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Comments on Network Information API FPWD

From: Jo Rabin <jo@linguafranca.org>
Date: Wed, 8 Jun 2011 05:04:52 +0100
Message-Id: <7BD6B790-3AF4-4061-AA80-57B633951DCC@linguafranca.org>
To: public-device-apis@w3.org
Dear Device APIs and Policy WG

It's good to see progress in this important area.

I wonder, though, what the use cases are for the interface as defined? I'm unclear how you'd usefully employ the interface described - knowing that the device has a 4g connection as opposed to a 3g connection, for example, allows me to do what? It might be worth illustrating this. I do appreciate that there is a level of complexity involved here, for example there may be a series of connection types involved, e.g. a Bluetooth connection to a device that is connected via Ethernet to a router that has some kind of broadband connection, and which it might be useful to know about, but which in turn might be out of scope. But perhaps it would be useful to spell out what the scope is.

Presumably the enumeration of connection types is related to the online or offline status of the device's current connection, rather than the device's capability, since only a single value is returned - and therefore "none" means the device is offline, but could be online? It might be worth spelling this out.  Likewise if the current connection is 2g then an author might, before a large download, recommend switching to WiFi, but would find it useful to know that a device does not have a WiFi capability before prompting to make such a connection?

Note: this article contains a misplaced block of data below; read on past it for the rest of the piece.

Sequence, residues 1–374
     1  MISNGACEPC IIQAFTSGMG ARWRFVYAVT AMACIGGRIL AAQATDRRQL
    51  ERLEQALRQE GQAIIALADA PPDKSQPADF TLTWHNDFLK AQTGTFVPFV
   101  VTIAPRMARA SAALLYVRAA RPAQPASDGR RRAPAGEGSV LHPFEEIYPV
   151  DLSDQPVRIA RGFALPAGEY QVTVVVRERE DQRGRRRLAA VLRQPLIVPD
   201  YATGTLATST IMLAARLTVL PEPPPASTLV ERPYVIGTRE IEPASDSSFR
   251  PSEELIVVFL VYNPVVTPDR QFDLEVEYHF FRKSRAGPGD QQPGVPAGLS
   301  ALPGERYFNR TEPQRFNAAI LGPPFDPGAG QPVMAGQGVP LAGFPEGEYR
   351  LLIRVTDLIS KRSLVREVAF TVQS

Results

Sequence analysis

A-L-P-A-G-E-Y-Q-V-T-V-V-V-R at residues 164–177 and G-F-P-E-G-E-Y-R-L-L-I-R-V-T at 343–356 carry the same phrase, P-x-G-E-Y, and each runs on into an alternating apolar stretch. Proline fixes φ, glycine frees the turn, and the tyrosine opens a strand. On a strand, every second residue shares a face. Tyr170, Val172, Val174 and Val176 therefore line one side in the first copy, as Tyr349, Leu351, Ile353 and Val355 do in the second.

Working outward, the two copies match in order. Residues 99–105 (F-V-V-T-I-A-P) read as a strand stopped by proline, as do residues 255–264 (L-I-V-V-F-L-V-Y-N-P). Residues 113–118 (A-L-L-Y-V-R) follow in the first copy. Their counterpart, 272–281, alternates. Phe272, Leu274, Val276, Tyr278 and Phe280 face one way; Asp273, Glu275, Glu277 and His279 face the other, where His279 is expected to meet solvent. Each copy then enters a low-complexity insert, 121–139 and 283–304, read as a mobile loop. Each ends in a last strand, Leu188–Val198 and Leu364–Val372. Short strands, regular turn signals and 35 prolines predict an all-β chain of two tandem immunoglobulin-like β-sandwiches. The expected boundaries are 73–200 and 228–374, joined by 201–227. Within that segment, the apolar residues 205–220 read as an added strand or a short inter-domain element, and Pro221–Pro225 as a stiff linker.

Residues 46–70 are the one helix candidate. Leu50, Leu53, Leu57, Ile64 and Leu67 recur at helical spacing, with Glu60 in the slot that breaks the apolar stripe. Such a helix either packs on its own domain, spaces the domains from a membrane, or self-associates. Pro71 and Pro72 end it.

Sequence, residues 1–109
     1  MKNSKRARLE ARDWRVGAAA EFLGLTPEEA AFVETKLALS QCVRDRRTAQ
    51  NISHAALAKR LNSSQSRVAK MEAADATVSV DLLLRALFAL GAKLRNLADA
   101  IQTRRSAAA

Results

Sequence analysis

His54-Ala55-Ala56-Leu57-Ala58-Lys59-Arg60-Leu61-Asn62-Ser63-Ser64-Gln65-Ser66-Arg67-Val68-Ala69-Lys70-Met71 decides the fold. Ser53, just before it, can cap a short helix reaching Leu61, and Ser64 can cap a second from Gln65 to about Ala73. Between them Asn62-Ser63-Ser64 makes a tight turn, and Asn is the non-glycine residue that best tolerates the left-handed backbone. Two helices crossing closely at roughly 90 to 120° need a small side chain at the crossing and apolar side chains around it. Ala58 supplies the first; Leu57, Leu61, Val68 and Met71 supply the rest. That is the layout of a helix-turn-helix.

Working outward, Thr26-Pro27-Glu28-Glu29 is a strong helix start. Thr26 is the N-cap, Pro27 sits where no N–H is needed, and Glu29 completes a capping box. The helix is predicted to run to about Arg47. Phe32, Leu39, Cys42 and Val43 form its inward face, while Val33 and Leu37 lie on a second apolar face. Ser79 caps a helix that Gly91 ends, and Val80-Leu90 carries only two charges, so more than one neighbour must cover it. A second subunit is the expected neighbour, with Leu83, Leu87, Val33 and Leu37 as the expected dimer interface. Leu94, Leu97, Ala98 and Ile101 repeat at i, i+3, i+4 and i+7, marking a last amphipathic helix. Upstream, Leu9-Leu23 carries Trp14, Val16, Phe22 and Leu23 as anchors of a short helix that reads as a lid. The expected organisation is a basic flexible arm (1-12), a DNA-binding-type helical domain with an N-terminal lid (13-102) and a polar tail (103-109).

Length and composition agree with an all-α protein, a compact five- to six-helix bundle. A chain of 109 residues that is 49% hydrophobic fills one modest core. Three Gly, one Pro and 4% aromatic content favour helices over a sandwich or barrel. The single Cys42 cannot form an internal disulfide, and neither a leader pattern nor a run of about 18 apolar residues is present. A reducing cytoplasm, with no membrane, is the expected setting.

Is it worth considering the case where more than one connection is in operation? Would this imply some kind of mechanism to control the connection type too?

I am concerned that the current extensibility mechanism defined for the values will lead to interoperability problems.

What is the intention in respect of how this interface relates to the Network interface of the SystemInfo API, which appears to offer both a broader vocabulary of connection types and a wider range of possibly more useful information concerning bandwidth and likely costs (via the roaming attribute)?

I'm curious to understand how the choice of connection types was made, for example why was the choice made not to distinguish different types of possible WiFi connection? Would it be useful to define more clearly what the meaning of the labels 2g 3g 4g is? Would it be useful to distinguish (wired) Ethernet connections at 10Mbps 100Mbps and 1Gbps. 

In respect of the issue identified under section 4 - without knowing the nature of the debate around this, I'd offer the view that if it's useful to be able to identify the connection type then it's useful to be informed of a change in status of that connection type.

Hope these comments are useful in some way.

Jo
Received on Wednesday, 8 June 2011 04:05:43 GMT

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